we may also find an upper bound of V as ɶ ɶ ɶ V = e T Pe + w T Γw ≥ λmin (P ) e + λmin (Γ ) w 2 2 This gives the upper bound for the tracking error e ≤ 2 1 1 2 ɶ [V − λmin (Γ) w ] ≤ V λmin (P ) λmin (P ) .68 Chapter 2 Preliminaries λ (Q ) ɺ V ≤ −α V + αλmax (P ) − min e 2 ɶ +[αλmax (Γ) − σ ] w + σ w 2 2 2 + 2 2 λmax (P ) 2 ε λmin (Q) Pick α ≤ min λmin (Q ) σ . this parameter adjustment is not always unlimited. . σ. Smaller size of E implies more accurate in output tracking. because it might induce controller saturation in implementation. but in practical applications the transient performance is also of great importance. For further development. The above derivation only demonstrates the boundedness of the closed loop system. Note that the size of the set E is adjustable by proper selection of α. w ) is uniformly ultimately bounded. and Q. However. w ) ∈ E ≡ (e. α λmin (Q) τ ≥ t0 ɶ This implies that (e. P. then we have 2 λmax (P ) λmax (Γ) 2λ (P ) 2 2 ɺ V ≤ −α V + σ w + max ε λmin (Q) 2 (18) ɺ Hence. we may solve the differential inequality in (18) to have the upper bound for V V ≤ e −α (t − t 0 )V (t 0 ) + σ 2λ 2 (P) 2 w + max sup ε 2 (τ ) α αλmin (Q) t0 ≤τ ≤ t (19) By using the definition in (13). V < 0 whenever 2 1 2 λmax (P) 2 ɶ ɶ (e. w ) V > σ w + sup ε 2 (τ ) .

e. there exists some β > 0 such that ε ≤ β for all t ≥ t 0 . we may improve output error convergence rate.2. This also implies that by adjusting controller parameters. then ur in (14a) can be modified as ur = 1 + δ max ˆ β f − ν sgn(b T Pe) + sgn(b T Pe) δ min δ min σ = 0. i. The case when the bound for the approximation error is known If the bound for ε is known. . we have proved that the tracking error is bounded by a weighted exponential function plus a constant. we have e ≤ + V (t 0 ) − e λmin (P ) α (t − t0 ) 2 + σ αλmin (P ) w 2 2λmax (P ) sup ε (τ ) αλmin (P ) λmin (Q) t0 ≤τ ≤ t (20) Hence. However.12 FAT-Based Adaptive Controller Design 69 Taking the square root and using (19). it might also induce controller saturation problem in practice. we may also have asymptotical convergence of the output error by using Barbalat’s lemma. then we may have If the control law and the update law are still selected as (10) and (14b) with ɺ V ≤ −eT Qe + 2 ε b T Pe − 2 β b T Pe ≤ −eT Qe ≤ 0 Therefore.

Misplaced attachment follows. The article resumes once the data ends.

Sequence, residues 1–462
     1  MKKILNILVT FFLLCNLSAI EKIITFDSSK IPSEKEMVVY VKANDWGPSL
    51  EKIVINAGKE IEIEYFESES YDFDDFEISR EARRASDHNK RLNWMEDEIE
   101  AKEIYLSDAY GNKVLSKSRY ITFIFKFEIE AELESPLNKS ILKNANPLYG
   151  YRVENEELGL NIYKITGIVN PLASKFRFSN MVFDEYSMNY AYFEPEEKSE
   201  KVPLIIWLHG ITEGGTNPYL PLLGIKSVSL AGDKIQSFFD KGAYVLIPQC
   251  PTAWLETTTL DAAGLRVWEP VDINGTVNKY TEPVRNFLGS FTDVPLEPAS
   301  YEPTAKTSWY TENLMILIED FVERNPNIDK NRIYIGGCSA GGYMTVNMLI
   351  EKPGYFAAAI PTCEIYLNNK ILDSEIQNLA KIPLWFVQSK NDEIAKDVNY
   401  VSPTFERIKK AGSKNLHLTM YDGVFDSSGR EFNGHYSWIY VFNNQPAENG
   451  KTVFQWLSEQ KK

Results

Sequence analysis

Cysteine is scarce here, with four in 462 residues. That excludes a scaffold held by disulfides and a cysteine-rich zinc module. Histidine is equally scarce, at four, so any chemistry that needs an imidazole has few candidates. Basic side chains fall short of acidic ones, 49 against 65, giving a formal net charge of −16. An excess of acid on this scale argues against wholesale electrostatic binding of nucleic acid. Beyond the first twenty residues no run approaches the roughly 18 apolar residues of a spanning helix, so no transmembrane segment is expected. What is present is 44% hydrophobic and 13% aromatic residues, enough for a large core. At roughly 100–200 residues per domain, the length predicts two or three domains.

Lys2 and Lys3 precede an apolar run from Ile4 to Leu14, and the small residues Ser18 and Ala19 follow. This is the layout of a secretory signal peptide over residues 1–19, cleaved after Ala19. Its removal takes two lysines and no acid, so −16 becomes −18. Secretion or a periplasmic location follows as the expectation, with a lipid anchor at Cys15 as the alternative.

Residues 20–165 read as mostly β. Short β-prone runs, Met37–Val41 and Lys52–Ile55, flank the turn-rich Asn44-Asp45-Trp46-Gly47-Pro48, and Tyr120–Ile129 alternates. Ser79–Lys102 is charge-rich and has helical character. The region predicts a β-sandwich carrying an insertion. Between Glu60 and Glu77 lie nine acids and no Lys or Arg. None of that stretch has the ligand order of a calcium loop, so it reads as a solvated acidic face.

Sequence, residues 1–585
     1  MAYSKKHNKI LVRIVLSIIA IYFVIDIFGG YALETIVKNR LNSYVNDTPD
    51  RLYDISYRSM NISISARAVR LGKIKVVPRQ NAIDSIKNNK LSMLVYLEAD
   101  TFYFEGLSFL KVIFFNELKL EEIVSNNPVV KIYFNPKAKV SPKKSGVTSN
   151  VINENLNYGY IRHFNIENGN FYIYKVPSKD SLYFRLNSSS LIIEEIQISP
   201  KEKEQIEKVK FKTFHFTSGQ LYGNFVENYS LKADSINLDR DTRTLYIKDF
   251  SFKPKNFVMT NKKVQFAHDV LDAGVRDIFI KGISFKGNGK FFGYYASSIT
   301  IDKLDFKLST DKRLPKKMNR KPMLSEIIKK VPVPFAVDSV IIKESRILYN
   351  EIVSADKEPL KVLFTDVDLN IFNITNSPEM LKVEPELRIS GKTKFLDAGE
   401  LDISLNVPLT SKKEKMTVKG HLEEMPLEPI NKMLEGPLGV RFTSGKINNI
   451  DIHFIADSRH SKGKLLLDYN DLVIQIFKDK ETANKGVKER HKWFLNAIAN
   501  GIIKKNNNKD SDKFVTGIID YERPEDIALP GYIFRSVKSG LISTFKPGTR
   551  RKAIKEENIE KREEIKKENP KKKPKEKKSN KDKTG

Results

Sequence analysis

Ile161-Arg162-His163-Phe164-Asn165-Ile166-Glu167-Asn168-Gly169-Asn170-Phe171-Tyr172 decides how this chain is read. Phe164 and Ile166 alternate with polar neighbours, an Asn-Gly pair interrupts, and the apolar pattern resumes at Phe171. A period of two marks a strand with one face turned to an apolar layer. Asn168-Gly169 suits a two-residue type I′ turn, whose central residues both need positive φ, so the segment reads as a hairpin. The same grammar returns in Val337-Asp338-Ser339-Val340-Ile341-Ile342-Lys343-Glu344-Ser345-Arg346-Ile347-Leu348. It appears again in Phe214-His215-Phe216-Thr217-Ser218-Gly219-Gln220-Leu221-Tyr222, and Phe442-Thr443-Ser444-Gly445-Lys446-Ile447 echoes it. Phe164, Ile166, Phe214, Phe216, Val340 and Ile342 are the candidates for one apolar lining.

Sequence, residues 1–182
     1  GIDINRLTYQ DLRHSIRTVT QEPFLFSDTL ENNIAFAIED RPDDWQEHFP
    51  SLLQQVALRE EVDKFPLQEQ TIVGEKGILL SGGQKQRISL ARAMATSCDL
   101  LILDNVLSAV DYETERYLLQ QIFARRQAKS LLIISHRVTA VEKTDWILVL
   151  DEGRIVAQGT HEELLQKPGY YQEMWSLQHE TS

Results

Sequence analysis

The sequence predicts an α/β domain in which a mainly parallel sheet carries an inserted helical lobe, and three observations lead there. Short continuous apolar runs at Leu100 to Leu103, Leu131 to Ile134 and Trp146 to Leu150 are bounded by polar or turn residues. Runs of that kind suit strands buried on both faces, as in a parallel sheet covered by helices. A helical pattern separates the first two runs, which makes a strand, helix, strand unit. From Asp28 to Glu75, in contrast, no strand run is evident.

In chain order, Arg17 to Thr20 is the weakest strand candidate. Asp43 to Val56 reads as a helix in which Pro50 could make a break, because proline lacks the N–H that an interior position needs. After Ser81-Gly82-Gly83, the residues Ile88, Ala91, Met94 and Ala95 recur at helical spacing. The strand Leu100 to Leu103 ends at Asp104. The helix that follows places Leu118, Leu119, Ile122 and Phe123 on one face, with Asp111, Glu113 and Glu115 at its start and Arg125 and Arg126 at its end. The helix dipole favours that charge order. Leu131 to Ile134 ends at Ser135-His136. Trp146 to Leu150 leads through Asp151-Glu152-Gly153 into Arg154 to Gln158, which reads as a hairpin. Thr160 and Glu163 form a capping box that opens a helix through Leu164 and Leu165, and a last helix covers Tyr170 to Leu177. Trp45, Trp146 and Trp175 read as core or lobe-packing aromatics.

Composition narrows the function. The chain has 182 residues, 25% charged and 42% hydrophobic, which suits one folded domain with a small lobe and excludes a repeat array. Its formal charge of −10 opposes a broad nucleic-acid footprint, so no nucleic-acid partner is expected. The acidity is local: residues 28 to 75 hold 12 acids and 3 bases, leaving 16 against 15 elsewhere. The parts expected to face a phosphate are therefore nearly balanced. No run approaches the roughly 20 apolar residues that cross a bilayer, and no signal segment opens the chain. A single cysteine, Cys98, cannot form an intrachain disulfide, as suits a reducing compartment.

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and a motor model is coupled to each joint dynamics.Chapter 3 Dynamic Equations for Robot Manipulators 3. q )q + g(q) = τ (1) 71 . i.6 takes the joint flexibility into account where a set of 4n differential equations are used to represent the dynamics of an n-link flexiblejoint robot.e. the dynamics for an electrically driven flexible joint robot interacting with the environment. the external force is added into the dynamics equation in Section 3. Section 3. In Section 3. The actuator dynamics is considered in Section 3. With consideration of the motor dynamics in each joint of the flexible joint robot..9 to have the most complex dynamics considered in this book. we review the mathematical models for the robot manipulators considered in this book.2 Rigid Robot (RR) An n-link rigid robot manipulator without considering friction or other disturbances can be described by ɺɺ ɺ ɺ D(q)q + C(q. For their detailed derivation. Finally. we include the external force in Section 3.2. a set of 2n coupled nonlinear ordinary differential equations are used to describe the dynamics of an n-link rigid robot. It is composed of 3n differential equations with the inclusion of the external force.5. When interacting with the environment. 3.3.4. In Section 3. the external force is included into the dynamics equation which is presented in Section 3. the dynamics for an electrically driven rigid robot interacting with the environment is presented.7. its model becomes a set of 5n differential equations in Section 3.1 Introduction In this chapter.8. please refer to any robotics textbooks. To investigate the effect when interacting with the environment. resulting in a set of 3n differential equations in its dynamics.